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From ‘Manopause’ To ‘Manxiety’; The Real Mental Health Struggles Plaguing Men Post-Pandemic

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Sometimes being a man can be a struggle, especially when it comes to mental health.

In society, there is still a lot of perceived stigma around men’s mental health – i.e. that they can’t talk about their mental health problems because their peers will perceive them as weak. 

A lot of men are under a lot of pressure to provide for themselves and their families, and any crack in their mental health or mental state can be seen as not being the man they should be. 

Men can often be dismissive to their colleagues, their friends, and their family members when it comes to discussing and being open about their mental health, stress, depression, and anxiety.

Men are often under the impression that they have to be completely self-reliant and take control of any situation whether physical or mental.

However, just like if somebody comes to see me with a broken arm or leg in the emergency department, I tell them that this is only going to get better with medical intervention – it’s exactly the same with severe depression and anxiety, these mental health conditions only seem to get worse when you don’t seek help for them.

Some of the most prevalent mental health struggles plaguing men today include: 


On average, 12.5% of men around the world will experience some sort of depression at some time in their life.

The onset of depression can be gradual and after prolonged periods of low mood and anxiety, it can then manifest itself with; feeling very low and not being able to involve yourself in tasks you love; a change in eating pattern and loss of sex drive, and in extreme cases feeling sad and suicidal.

It’s really important that when these symptoms are identified, men seek help. It’s also very important that we should be recognising the signs and symptoms of the men around us and encouraging them to talk to someone about what they’re experiencing.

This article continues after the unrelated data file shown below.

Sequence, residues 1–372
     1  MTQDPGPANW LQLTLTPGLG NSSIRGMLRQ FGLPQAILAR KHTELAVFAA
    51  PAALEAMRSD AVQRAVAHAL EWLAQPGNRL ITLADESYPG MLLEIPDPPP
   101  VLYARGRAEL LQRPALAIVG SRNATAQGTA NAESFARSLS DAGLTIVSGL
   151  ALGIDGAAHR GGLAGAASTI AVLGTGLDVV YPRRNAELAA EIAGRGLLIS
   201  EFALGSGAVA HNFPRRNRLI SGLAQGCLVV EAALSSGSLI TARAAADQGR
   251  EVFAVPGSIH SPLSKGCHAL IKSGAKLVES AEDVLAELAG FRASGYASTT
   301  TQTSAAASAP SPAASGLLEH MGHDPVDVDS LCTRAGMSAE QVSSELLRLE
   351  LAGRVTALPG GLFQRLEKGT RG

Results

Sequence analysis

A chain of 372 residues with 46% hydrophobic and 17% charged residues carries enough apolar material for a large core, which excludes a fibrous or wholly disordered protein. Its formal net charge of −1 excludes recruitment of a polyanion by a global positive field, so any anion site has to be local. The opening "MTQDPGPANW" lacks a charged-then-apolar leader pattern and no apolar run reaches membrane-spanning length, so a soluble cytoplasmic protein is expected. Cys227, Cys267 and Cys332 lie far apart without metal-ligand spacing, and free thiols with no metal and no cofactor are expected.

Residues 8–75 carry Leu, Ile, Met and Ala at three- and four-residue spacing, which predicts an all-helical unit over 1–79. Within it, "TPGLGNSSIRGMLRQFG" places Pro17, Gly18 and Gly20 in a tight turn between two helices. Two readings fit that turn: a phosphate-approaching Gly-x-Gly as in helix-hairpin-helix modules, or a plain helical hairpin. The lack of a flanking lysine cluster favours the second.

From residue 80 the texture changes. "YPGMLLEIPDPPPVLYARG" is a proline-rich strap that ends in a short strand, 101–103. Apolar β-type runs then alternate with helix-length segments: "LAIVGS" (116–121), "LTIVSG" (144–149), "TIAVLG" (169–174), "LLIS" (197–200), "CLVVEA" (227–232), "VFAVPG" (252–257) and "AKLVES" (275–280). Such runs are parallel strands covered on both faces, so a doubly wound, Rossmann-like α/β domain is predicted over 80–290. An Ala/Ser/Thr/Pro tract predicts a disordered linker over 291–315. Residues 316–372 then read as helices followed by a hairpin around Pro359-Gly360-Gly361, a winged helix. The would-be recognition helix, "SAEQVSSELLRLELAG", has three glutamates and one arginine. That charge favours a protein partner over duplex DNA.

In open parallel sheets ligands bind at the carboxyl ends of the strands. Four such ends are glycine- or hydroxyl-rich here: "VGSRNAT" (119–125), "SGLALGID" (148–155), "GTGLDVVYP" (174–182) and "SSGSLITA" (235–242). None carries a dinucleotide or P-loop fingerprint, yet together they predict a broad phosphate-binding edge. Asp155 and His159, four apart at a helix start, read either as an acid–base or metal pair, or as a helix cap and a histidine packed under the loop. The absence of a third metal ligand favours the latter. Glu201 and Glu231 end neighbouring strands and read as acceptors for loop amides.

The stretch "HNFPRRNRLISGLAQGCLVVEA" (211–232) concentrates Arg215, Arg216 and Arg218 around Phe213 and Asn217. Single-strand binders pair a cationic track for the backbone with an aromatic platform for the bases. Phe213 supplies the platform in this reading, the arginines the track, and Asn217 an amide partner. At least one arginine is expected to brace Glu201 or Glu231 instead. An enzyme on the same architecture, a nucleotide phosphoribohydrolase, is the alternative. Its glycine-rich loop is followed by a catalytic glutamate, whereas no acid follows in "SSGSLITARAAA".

There are many subtle things we can do to encourage men around us to make positive daily lifestyle choices which can help them reduce their stress and anxiety and help stop the depression from progressing.

Keeping themselves active during the day and exercising can be very beneficial. If you’re new to exercise it’s important to ease yourself in slowly, which is where fitness apps like Freeletics can be really helpful.

With a huge range of Training Journeys tailored to your goals and fitness ability, Freeletics can help you to create a healthy relationship with exercise and take the thought process out of working out, making the whole experience less stressful and helping you to reap the mental and physical health benefits.

Eating a healthy diet and trying to get a good night’s sleep is also very important. The avoidance of alcohol, drug, and substance abuse is imperative for good mental health.

It may make you feel a little bit better in the short term however will be very detrimental in the long term.


Almost 21% of men will experience some sort of anxiety. Many symptoms can be physical, or you can have symptoms of emotional anxiety.

Physical symptoms could be sweating, heart racing, feeling sick and dizzy or irritable and not being able to sleep.

Emotional anxiety symptoms could be catastrophic thinking, feelings of impending doom, reduced concentration, avoidance, and irritability.

The problem is that men are less likely to seek help than women and for that reason it can get worse and worse until the point where the presentation is quite severe, and this can often be linked with alcohol or substance abuse.